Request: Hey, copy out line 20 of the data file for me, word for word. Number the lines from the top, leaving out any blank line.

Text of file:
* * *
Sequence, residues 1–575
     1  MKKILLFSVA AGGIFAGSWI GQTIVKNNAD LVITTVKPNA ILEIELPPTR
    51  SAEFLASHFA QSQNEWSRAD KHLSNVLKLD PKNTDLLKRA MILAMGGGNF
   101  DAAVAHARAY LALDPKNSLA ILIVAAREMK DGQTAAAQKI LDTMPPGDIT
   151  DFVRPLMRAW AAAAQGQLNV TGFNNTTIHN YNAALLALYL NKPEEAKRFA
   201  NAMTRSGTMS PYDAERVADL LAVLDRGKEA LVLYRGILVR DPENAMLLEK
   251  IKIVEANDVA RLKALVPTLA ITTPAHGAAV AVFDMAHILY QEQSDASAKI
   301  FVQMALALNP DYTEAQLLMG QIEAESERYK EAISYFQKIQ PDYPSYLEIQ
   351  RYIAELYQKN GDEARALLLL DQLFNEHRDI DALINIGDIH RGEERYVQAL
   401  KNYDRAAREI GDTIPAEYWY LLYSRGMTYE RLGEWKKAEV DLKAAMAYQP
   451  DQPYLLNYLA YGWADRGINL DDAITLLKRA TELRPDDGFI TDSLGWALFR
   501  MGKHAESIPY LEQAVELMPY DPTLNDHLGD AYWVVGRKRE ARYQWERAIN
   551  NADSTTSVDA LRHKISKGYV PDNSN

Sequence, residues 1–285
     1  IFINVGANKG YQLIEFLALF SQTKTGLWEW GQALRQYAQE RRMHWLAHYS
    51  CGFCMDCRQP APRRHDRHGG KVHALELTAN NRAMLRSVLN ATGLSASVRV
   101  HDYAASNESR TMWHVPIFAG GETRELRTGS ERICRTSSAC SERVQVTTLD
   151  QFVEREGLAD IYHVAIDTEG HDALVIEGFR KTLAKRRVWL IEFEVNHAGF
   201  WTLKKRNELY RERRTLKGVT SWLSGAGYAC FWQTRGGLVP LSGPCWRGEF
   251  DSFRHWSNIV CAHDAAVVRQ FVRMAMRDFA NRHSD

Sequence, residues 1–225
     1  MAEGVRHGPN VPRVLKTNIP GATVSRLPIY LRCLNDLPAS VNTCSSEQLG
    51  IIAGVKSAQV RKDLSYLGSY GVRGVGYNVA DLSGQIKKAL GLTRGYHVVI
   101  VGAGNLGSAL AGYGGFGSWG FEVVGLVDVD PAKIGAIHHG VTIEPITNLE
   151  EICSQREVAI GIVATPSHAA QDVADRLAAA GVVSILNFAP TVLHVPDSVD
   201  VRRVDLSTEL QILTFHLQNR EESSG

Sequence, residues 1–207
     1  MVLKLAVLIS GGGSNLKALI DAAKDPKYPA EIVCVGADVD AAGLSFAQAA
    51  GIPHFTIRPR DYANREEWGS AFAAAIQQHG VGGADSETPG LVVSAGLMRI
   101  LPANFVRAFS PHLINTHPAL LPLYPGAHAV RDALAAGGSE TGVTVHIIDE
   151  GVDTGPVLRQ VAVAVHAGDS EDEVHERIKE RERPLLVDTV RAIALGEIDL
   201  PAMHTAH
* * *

   251  DSFRHWSNIV CAHDAAVVRQ FVRMAMRDFA NRHSD